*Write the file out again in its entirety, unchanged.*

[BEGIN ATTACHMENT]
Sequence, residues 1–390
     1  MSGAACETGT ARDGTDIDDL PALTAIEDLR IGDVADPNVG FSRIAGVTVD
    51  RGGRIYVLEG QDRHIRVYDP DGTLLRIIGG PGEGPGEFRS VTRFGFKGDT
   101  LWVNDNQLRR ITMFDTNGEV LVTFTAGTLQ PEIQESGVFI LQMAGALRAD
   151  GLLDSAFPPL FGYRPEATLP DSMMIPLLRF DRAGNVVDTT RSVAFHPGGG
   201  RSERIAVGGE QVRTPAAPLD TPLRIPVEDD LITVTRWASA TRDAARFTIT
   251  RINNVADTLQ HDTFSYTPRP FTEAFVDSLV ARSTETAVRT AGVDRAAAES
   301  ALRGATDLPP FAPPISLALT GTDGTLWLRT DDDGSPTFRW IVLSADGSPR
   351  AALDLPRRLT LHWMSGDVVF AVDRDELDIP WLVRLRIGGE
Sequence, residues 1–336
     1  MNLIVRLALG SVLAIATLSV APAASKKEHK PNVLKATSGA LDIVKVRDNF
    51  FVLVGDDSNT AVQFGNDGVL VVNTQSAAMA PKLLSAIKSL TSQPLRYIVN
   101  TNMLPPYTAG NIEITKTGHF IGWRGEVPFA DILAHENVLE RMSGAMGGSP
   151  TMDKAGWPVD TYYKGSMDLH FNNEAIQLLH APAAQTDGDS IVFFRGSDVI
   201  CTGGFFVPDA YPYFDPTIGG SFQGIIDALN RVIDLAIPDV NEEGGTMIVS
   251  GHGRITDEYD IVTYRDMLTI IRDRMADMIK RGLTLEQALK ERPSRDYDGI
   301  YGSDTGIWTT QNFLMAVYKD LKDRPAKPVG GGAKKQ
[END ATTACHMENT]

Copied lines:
Sequence, residues 1–390
     1  MSGAACETGT ARDGTDIDDL PALTAIEDLR IGDVADPNVG FSRIAGVTVD
    51  RGGRIYVLEG QDRHIRVYDP DGTLLRIIGG PGEGPGEFRS VTRFGFKGDT
   101  LWVNDNQLRR ITMFDTNGEV LVTFTAGTLQ PEIQESGVFI LQMAGALRAD
   151  GLLDSAFPPL FGYRPEATLP DSMMIPLLRF DRAGNVVDTT RSVAFHPGGG
   201  RSERIAVGGE QVRTPAAPLD TPLRIPVEDD LITVTRWASA TRDAARFTIT
   251  RINNVADTLQ HDTFSYTPRP FTEAFVDSLV ARSTETAVRT AGVDRAAAES
   301  ALRGATDLPP FAPPISLALT GTDGTLWLRT DDDGSPTFRW IVLSADGSPR
   351  AALDLPRRLT LHWMSGDVVF AVDRDELDIP WLVRLRIGGE
Sequence, residues 1–336
     1  MNLIVRLALG SVLAIATLSV APAASKKEHK PNVLKATSGA LDIVKVRDNF
    51  FVLVGDDSNT AVQFGNDGVL VVNTQSAAMA PKLLSAIKSL TSQPLRYIVN
   101  TNMLPPYTAG NIEITKTGHF IGWRGEVPFA DILAHENVLE RMSGAMGGSP
   151  TMDKAGWPVD TYYKGSMDLH FNNEAIQLLH APAAQTDGDS IVFFRGSDVI
   201  CTGGFFVPDA YPYFDPTIGG SFQGIIDALN RVIDLAIPDV NEEGGTMIVS
   251  GHGRITDEYD IVTYRDMLTI IRDRMADMIK RGLTLEQALK ERPSRDYDGI
   301  YGSDTGIWTT QNFLMAVYKD LKDRPAKPVG GGAKKQ